Las Vegas Plastic Surgery
The miracles of modern medicine may come with a double edged sword. On one hand the medicines that doctors prescribe cure disease, save lives and relieve pain. On the other hand, they can cause tragedy and create pain from addiction and depression. In the United States today most of the major causes of preventable death are in decline. However deaths from drugs and prescription drug overdoses are an exception to this positive trend.
As a physician with a diverse client base at my Las Vegas Plastic Surgery practice, patients often ask me about the merits as all as the risks of prescription drugs. I created this post to spread awareness about some of the dangers involved with prescription drugs.
Prescription drugs Now Account For More than Deaths Than Traffic Accidents
According to a recent study, today is the first time since the federal government started tracking drug induced deaths in 1979 that drug related deaths outnumber traffic fatalities in the United States. This is primarily due to an increase in prescription narcotic overdoses. Government data stated that there were at least 37,485 drug-related fatalities in 2009.
In the last decade the number of deaths from drugs overdoses has doubled and is responsible for one life lost every 14 minutes. In comparison, traffic accident fatalities have declined over the last ten years, largely because of improvements in auto safety with airbags and increased awareness about seat belts.
Unfortunately, the rise in drug related deaths is due to the widespread popularity of potent prescription pain and mental anxiety drugs. These prescription drugs are often highly addictive and can be very dangerous when combined with other mood altering substances or alcohol.
Pediatric Visits to Emergency Rooms Up Significantly in the Last Decade.
The Los Angeles Times reported that researchers at the Cincinnati Children’s Hospital Medical Center looked at a database of more than half a million children 5 or younger who visited an emergency room due to possible poisoning by medication. The study found a 22% increase in children’s accidental drug exposures from the seven year period of 2001 to 2008. During this same time period the population of children only increased by 8%. In the decade earlier, similar child poisoning cases fell.
From 2001 to 2008, prescription drugs accounted for more than half of the children’s exposures. The drugs oxycodone, morphine and codeine, all extremely powerful narcotics, were the drugs most frequently involved in children’s accidents. It’s unclear why poisoning rates among children are up. Some speculate that there are simply more drugs in residential homes these days. The rates of prescribing pain medications have definitely increased, which would explain why they are more available in our society.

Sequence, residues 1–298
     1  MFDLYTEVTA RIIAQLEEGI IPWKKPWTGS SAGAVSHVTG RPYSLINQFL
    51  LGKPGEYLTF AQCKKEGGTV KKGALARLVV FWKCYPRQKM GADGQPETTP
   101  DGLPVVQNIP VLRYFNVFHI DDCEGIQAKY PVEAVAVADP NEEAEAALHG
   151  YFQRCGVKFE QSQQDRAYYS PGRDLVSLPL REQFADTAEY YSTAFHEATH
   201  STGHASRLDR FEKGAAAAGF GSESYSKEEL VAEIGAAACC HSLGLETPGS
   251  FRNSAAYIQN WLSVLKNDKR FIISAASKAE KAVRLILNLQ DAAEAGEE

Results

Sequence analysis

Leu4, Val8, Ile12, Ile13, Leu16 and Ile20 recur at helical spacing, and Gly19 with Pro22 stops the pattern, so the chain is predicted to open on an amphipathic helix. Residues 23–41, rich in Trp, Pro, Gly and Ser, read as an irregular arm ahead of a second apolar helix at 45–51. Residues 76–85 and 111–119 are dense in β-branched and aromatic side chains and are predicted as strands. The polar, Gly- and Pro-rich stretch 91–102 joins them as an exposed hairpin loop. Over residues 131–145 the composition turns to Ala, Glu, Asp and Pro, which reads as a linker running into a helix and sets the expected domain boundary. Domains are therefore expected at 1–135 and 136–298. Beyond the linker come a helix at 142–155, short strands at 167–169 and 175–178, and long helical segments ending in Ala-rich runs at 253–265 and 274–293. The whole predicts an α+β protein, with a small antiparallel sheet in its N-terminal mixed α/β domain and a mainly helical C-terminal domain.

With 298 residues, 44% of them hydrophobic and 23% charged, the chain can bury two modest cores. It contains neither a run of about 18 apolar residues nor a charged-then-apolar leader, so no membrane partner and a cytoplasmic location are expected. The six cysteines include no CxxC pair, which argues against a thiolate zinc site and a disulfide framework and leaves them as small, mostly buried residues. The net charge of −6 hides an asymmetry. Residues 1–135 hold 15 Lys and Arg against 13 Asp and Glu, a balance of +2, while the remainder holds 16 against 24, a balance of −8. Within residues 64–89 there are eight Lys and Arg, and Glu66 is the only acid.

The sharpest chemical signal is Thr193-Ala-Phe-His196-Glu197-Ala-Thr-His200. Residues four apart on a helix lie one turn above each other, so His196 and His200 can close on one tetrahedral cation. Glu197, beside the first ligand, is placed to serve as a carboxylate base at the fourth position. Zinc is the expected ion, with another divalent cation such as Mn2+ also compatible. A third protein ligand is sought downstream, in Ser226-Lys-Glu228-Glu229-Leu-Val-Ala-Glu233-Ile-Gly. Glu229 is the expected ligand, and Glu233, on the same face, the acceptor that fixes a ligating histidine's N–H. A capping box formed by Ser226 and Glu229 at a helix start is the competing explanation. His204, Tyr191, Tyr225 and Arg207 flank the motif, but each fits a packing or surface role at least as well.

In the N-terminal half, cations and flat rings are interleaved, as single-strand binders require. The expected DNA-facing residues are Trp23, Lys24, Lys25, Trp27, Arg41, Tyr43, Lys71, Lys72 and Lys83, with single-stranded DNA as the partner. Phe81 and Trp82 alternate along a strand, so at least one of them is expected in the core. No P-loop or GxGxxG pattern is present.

During the 1980s and 1990 safeguards put in place to prevent children’s accidental exposure worked well, but this has since reversed. Today many adults request non child-proof pill caps, or put their medicines in weekly reminder pill holders. Sometimes children and grandchildren find these drugs and the consequences are almost always unfortunate.
Adolescents Find Easier Access and Cheaper Prices For Prescription Drugs
Today adolescents are more likely to get drugs from their parent’s medicine cabinet than a drug dealer. Prescription drugs are readily accessible, at no cost, pure, and effective when used correctly. Adolescents are more apt to use prescription drugs than ever before. Most of the rise seen in adolescent overdose has been attributed to prescription drugs like painkillers and anti anxiety drugs. Teens are often inclined to combine them with alcohol, a lethal combination that can often make side effects much worse. The increase in prescription drug use among teens is also linked to fatalities from accidents. In fact, prescription drugs now account for more deaths than heroin and cocaine combined in the United States.
What You Can Do To Protect Yourself From Risks
In families with children, parents and guardians should store drugs in locked cabinets. Medical bottles and packages should have child-proof lids attached to limit access and how fast a child can consume the medicine.
Monitor your medicine cabinets. Count how many pills you have, and make note of the date when you should expect to refill your prescriptions. Be aware that kids may obtain these drugs from medicine cabinets while visiting friends or family. Restrict the availability of these substances within your home.
Talk with your child about drug use. Help him or her understand that misused prescription drugs can be just as dangerous as street drugs. When used in combination with other substances, such as alcohol, prescription drug use can be fatal.
Please get rid of outdated medicines. Please throw away medicines that you do not need. There are organizations that will help you dispose old drugs safely and many police stations now have drop off boxes in front.
If you feel that you may be developing an addiction to a prescription drug, speak with your doctor and family about how you are feeling and get help.
Let us hope that with more awareness of this problem, we can enact methods to have the medicines we need without the tragedy they sometimes cause.
Jeffrey J. Roth, M.D., F.A.C.S.(702) 450-0777